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Saudi Arabia’s newfound love for football could have ripple effects

Portuguese football star Cristiano Ronaldo poses for a photo in his jersey after signing with Saudi Arabia’s Al Nasr Football Club on December 30, 2022 in Riyadh, Saudi Arabia.

Al Nassr Football Club/Handout/Anadolu Agency via Getty Images

Football superstar Cristiano Ronaldo’s move to Saudi club Al Nasr and increased Saudi investment in the sport could have knock-on effects across Europe and the US, experts say told CNBC.

Ronaldo’s two-and-a-half-year contract is reportedly worth up to €200 million ($212 million) a year, including commercial contracts, making the 37-year-old the most expensive footballer of all time. You will receive the highest reward. world athletes.

For context, Ronaldo’s annual personal income exceeds the total wages of staff at about half the clubs in the English Premier League. The former Real Madrid, Manchester United and Juventus star argued earlier this week that a ‘unique deal’ qualifies him for his status as a ‘unique player’.

Ronaldo terminated his contract with Manchester United in November after he gave an explosive interview criticizing the club and its manager Eric Ten Hug.

The Portuguese forward’s move is reportedly gearing up for a possible joint bid for Saudi Arabia to host the 2030 World Cup, with historic Premier League club Newcastle United set to join the Saudi Public Investment Fund in late 2021. It follows that it was acquired by

The Financial Times reported in October that Saudi PIF had committed more than $2 billion in sponsorship deals over the first eight months of 2022. Most of it went to domestic football competitions.

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Author and football finance expert Kieran Maguire told CNBC on Thursday that Al Nasr’s signing of Ronaldo was not an effort to rival the major European leagues, but rather that the kingdom would exceed its natural resources. He said it was a “marketing activity” that would allow him to diversify his commercial appeal. The size of the player’s individual profile.

“When you look at the social media that someone in a position like Cristiano Ronaldo has brought about, it’s so much better than individual football clubs,” Maguire said.

“Saudi Arabia has a young population, so he will attract that generation. There are economic benefits, political and social benefits, and financial costs are completely irrelevant.”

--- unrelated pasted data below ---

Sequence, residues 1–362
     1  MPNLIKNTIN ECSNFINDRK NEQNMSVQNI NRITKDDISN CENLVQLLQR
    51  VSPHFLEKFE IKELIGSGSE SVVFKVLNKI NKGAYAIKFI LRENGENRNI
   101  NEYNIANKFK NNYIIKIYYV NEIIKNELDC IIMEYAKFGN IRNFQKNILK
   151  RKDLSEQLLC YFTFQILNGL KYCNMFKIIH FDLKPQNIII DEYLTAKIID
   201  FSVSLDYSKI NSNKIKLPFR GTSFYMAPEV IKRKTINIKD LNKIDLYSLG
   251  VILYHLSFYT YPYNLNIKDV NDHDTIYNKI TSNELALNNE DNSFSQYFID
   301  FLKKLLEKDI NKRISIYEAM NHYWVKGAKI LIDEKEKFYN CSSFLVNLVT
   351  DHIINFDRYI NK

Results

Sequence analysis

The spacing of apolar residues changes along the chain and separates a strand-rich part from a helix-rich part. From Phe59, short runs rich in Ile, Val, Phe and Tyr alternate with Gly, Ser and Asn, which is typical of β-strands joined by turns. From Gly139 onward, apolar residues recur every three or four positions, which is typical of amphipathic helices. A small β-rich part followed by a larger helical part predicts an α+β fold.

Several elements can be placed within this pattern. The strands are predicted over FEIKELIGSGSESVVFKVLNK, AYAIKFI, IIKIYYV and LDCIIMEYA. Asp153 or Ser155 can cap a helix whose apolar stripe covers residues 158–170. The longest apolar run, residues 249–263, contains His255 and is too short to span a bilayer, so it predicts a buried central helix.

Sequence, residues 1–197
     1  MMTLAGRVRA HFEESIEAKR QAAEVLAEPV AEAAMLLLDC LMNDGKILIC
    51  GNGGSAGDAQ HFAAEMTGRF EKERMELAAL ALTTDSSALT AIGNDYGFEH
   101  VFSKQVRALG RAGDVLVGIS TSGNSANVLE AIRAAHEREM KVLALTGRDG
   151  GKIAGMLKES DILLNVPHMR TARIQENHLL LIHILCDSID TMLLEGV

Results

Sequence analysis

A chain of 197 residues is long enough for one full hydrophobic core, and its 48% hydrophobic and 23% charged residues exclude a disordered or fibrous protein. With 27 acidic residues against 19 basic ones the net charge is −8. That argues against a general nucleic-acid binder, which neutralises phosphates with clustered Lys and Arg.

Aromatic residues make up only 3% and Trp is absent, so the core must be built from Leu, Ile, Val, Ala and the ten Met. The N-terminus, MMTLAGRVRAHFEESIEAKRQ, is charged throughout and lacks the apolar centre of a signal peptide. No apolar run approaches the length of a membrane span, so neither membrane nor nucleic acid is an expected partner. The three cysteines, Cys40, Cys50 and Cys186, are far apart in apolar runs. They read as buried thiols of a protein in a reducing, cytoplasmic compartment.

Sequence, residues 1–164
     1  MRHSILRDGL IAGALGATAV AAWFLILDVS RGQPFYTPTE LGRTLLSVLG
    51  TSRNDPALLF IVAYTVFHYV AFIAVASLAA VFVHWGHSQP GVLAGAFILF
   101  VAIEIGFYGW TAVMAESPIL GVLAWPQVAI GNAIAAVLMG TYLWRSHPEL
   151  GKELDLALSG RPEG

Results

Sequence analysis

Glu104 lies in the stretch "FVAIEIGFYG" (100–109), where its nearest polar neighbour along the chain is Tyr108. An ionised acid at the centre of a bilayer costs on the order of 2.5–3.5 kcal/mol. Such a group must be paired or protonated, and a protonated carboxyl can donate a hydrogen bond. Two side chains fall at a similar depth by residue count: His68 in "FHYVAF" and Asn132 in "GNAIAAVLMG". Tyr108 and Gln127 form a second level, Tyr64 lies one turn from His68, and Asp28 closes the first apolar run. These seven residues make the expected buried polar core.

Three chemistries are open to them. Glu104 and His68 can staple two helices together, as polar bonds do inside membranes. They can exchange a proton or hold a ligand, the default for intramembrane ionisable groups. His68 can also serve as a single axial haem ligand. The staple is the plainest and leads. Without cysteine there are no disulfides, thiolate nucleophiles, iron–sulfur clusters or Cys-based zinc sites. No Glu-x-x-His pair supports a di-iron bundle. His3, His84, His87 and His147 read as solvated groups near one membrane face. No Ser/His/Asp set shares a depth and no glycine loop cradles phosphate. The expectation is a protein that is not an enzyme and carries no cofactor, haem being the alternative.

Manchester United and Liverpool in sights for Saudi Arabia?

The Saudi PIF’s takeover of Newcastle United has been met with criticism across the football world. This was seen as an attempt to cleanse the country’s reputation against the backdrop of its poor human rights record.

A group called NUFC fans against sportswashing have risen to protest the takeover, but seeing their club endure a prolonged period of mediocrity, many Newcastle fans are skeptical of the competition between England and beyond. I supported the investment in the hope that it would help me.

Just 15 months after the deal was completed, the club are third in the Premier League standings, sandwiched between eternal giants Manchester City and Manchester United.

Saudi officials have consistently denied allegations of sportswashing in various sporting activities, and the Newcastle buyout consortium, led by British businessman Amanda Stavely, claims the PIF is independent of the Saudi government. are doing.

However, the PIF forms the basis of the Saudi Economic Project and its Vision 2030 programme. Statements from King Salman bin Abdul Aziz and Crown Prince Mohammed bin Salman praising his PIF’s progress can be found in its annual financial statements.

PIF will own 80% of the club, with the remaining 20% ​​split between Staveley’s PCP Capital Partners and RB Sports & Media. We reached out to PIF for comment.

Premier League champions Manchester City (owned by Abu Dhabi United Group) and French champions Paris Saint-Germain (owned by Qatar Sports Investments) have also been involved in ownership disputes.

Maguire observes other state-sponsored acquisitions over the past decade, along with the success of the FIFA World Cup in Qatar in December, with Saudi Arabia expanding its football portfolio in one of two ways. suggested that we could consider doing so.

“The PIF could follow a similar path to the UAE by going to a multi-club ownership model with a city football group, de facto mothership and many satellites,” he suggested. bottom.